Janice Moore gives what he or she thinks is a girlish giggle:
January 4, 2016 at 7:06 pm
Heh. Hi, Mod! #(:))… Tee, Tee, Tee….. (h)Eee. 

Patrick B clearly didn't read "their work", which was meticulously detailed. He just wanted to protest and was trying to sound clever:
January 4, 2016 at 4:06 pm
So did I miss the science part supporting their conclusion that the layer of ice created an impervious “cap” that forced some unidentified amount of melt water to be shed into the ocean? That theory seems to be completely unsupported by their work. Were there cracks in the “cap”? Was water transport through the glaciers actually different after the big melt? Did more melt water actually flow into the oceans in subsequent years? Etc. 

I don't know if Peter Miller thinks scientists should work for free, or if he is just against any and all scientific research:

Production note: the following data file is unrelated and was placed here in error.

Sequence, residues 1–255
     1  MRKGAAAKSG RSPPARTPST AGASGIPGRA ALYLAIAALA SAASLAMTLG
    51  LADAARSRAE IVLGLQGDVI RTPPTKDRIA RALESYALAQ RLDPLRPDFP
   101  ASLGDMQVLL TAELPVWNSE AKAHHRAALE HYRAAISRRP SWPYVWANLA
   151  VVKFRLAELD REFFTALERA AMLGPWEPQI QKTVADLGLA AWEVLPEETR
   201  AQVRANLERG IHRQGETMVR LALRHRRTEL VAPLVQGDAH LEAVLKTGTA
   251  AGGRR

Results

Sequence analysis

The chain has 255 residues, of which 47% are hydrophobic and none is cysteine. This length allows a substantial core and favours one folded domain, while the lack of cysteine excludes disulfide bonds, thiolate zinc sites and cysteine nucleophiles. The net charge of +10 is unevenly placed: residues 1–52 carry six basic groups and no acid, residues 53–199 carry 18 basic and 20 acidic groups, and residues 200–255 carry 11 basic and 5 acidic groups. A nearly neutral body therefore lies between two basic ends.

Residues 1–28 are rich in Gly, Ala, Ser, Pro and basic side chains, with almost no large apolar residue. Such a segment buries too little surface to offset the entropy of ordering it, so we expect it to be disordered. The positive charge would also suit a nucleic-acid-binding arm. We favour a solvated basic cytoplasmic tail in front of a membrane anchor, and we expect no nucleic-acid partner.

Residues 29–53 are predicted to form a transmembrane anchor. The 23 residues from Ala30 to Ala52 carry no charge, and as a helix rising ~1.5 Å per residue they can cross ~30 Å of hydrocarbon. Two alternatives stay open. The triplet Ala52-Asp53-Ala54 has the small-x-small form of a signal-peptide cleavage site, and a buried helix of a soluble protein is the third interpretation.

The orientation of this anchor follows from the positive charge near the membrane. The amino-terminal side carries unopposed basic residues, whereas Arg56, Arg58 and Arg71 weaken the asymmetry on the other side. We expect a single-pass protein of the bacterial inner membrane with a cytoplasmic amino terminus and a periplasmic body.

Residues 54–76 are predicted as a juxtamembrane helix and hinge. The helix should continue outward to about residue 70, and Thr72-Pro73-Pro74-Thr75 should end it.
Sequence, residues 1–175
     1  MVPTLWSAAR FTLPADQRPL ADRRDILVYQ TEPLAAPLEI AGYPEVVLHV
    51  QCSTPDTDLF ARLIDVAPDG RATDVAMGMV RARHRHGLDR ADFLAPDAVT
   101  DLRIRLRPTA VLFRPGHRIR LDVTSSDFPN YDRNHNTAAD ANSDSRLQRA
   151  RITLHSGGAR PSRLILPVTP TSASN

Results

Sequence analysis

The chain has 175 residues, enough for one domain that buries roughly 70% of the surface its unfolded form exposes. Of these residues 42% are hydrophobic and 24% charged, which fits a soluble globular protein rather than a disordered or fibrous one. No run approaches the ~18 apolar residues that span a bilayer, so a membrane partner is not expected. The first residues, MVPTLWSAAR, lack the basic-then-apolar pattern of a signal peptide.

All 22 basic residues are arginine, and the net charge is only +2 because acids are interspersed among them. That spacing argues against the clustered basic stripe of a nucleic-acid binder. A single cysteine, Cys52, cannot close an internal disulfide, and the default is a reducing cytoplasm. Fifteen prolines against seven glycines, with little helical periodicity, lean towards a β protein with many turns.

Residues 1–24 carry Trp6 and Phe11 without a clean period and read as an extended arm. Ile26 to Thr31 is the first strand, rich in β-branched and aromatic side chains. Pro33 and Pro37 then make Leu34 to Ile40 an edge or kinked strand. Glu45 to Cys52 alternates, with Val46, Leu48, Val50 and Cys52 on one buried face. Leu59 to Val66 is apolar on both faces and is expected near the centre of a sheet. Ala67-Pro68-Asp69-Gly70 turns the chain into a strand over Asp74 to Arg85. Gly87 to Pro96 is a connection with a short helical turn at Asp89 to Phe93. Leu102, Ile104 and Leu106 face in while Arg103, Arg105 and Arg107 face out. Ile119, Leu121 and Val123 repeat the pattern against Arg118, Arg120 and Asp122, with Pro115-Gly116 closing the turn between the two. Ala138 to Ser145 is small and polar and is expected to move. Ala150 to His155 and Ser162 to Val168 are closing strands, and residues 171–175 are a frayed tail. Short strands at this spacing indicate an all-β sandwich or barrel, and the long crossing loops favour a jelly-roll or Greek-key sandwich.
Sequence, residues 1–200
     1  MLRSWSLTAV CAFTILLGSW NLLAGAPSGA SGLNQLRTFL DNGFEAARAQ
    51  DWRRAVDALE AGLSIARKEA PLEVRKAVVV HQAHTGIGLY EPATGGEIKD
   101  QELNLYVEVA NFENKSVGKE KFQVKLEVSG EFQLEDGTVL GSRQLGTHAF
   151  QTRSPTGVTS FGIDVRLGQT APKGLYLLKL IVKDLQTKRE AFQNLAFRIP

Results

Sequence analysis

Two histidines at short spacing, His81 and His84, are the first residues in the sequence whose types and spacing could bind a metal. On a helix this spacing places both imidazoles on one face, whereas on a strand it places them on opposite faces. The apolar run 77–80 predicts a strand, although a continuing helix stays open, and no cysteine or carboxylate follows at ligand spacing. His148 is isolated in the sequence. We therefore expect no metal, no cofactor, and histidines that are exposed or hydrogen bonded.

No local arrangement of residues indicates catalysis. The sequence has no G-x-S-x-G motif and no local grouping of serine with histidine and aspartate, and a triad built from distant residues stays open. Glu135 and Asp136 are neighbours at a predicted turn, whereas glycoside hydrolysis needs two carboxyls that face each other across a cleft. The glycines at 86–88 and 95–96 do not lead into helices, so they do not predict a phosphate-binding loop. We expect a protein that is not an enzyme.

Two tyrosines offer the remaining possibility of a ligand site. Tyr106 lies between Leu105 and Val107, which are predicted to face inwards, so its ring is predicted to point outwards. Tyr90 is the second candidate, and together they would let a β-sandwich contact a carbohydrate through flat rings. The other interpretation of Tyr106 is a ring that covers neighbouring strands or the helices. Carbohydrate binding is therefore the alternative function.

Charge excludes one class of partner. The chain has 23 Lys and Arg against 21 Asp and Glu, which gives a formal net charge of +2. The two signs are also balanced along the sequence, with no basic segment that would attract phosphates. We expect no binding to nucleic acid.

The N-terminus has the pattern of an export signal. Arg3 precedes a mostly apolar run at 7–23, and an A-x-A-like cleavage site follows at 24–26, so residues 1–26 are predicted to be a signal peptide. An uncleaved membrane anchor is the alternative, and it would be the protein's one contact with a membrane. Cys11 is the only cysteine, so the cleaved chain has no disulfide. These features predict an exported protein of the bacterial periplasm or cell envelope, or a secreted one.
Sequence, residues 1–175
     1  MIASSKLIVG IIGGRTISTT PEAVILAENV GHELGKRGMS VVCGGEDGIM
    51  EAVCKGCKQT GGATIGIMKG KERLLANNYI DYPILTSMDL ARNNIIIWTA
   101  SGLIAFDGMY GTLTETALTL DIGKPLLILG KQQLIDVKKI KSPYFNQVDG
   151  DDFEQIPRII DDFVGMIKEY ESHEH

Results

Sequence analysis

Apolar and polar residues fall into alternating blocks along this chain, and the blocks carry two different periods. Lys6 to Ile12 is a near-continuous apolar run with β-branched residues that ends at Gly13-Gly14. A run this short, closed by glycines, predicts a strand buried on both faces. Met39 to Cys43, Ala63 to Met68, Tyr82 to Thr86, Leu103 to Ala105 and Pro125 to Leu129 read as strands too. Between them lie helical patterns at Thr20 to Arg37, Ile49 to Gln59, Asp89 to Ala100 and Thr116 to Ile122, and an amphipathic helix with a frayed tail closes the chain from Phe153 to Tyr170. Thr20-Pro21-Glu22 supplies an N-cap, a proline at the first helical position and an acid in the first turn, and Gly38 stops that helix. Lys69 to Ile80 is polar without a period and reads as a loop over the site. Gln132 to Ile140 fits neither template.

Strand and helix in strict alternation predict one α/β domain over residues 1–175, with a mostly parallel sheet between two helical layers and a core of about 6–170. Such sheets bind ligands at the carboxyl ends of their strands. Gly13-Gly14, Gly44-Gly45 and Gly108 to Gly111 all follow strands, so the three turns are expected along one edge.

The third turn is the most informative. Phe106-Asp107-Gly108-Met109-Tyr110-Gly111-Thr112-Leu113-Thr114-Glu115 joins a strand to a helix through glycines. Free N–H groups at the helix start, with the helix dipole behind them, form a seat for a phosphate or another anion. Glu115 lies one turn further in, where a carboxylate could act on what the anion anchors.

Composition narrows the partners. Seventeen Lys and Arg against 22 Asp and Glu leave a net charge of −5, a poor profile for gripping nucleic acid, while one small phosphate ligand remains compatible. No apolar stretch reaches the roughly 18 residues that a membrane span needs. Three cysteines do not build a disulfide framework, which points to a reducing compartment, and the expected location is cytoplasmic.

January 4, 2016 at 4:29 pm
A classic case of grant addiction.

What a bunch of raving ratbags.

References and further reading

Horst Machguth, Mike MacFerrin, Dirk van As, Jason E. Box, Charalampos Charalampidis, William Colgan, Robert S. Fausto, Harro A. J. Meijer, Ellen Mosley-Thompson, Roderik S. W. van de Wal. "Greenland meltwater storage in firn limited by near-surface ice formation". Nature Climate Change, 2016; DOI: 10.1038/nclimate2899
Arctic Report Card - Greenland Ice Sheet - report by M. Tedesco, J. E. Box, J. Cappelen, R. S. Fausto, X. Fettweis, K. Hansen, T. Mote, C. J. P. P. Smeets, D. van As, R. S. W. van de Wal, J. Wahr

Keegan, Kaitlin M., Mary R. Albert, Joseph R. McConnell, and Ian Baker. "Climate change and forest fires synergistically drive widespread melt events of the Greenland Ice Sheet." Proceedings of the National Academy of Sciences 111, no. 22 (2014): 7964-7967. doi: 10.1073/pnas.1405397111 (open access)